Paul is calling on the church to remember that they have already chosen whom they will serve. Now it is time to live like they meant it.  They are to offer their loyalty to God alone, and in so doing, the baptized will find this is the only form of service and surrender that leads to liberation and life. I have a friend who has a deal with her teenage daughter. If the teenager is ever in a situation in which she feels uncomfortable, but she’s afraid of losing her peer’s respect if she steps out of the situation on her own, she can text or call her parents with a code word that lets them know they need to call and tell their daughter to come home.  That way the teenager can tell her friends she has to leave because her parents said so.  She saves face and is protected in the process.  The teenager surrenders a bit of her own control to her parents so she can be free to do the right thing without a significant struggle. Paul’s understanding of salvation is kind of like that. God is on our side. God knows our hearts, and God has our best interests in mind.  If we surrender ourselves to God’s will, becoming as slaves to God’s ways, God will lead us into abundant life.  This is the only kind of loyalty that liberates.  As this sermon falls on the Sunday before Independence Day, it would be a great opportunity for the preacher to focus on freedom through surrender.

The preacher may instead choose to focus on the theme of a living faith.  Throughout Romans 6, Paul is adamant that baptized Christians start to walk the walk and actively live for Christ since they are now dead to sin and alive in him. This new life does not happen automatically but is a daily choice, “no longer present your members to sin as instruments of wickedness, but to present…your members to God as instruments of righteousness.”  Through baptism into Christ, God has given us the possibility of doing the right thing, but every Christian must choose each moment whether or not he or she will do it. It is not our words or beliefs but our actions that reveal our true allegiance. “You are slaves of the one whom you obey.” (v. 16)  The sermon might invite the congregation to review their actions over the past seven days.  If someone was walking in your shadow, who or what would they declare is your hope? Where would they assume your affections lie? What would they say is your aim in life? Who would they say is your god?  Are we obedient to our own self-interest, to our schedules, or our reputations? Or are we obedient to our God? Our actions will tell.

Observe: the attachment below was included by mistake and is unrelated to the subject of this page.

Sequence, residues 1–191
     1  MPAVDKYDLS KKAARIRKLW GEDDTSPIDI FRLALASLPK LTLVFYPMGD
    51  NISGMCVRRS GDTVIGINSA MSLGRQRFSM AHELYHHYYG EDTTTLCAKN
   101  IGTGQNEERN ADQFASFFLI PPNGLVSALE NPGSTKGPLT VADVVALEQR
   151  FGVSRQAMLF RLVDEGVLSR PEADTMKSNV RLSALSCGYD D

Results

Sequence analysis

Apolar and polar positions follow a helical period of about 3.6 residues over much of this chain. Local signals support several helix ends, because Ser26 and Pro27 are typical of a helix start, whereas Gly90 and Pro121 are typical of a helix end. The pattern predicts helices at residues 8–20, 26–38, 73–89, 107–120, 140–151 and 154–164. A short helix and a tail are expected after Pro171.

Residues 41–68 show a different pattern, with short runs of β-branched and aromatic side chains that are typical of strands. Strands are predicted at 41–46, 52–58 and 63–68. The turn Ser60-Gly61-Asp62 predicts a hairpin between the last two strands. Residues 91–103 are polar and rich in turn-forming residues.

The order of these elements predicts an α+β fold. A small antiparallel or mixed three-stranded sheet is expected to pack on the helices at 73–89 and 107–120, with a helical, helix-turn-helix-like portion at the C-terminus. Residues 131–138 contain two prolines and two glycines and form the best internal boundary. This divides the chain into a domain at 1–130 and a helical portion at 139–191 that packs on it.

Each day, just as a soldier dresses for battle by covering up the most vulnerable parts of his body, the Christian engages the cosmic battles against sin and death by refusing to clothe him or herself in destructive patterns that weaken him or her.  If Christians prepare for the battle against sin with the weapons of righteousness, nothing will prevent them from receiving their compensation- eternal life in Christ Jesus the Lord.


Jamie McCallum
Pastor of Belfair Community Church
Belfair, Washington





Tags: sanctification, freedom, surrender, slavery, living faith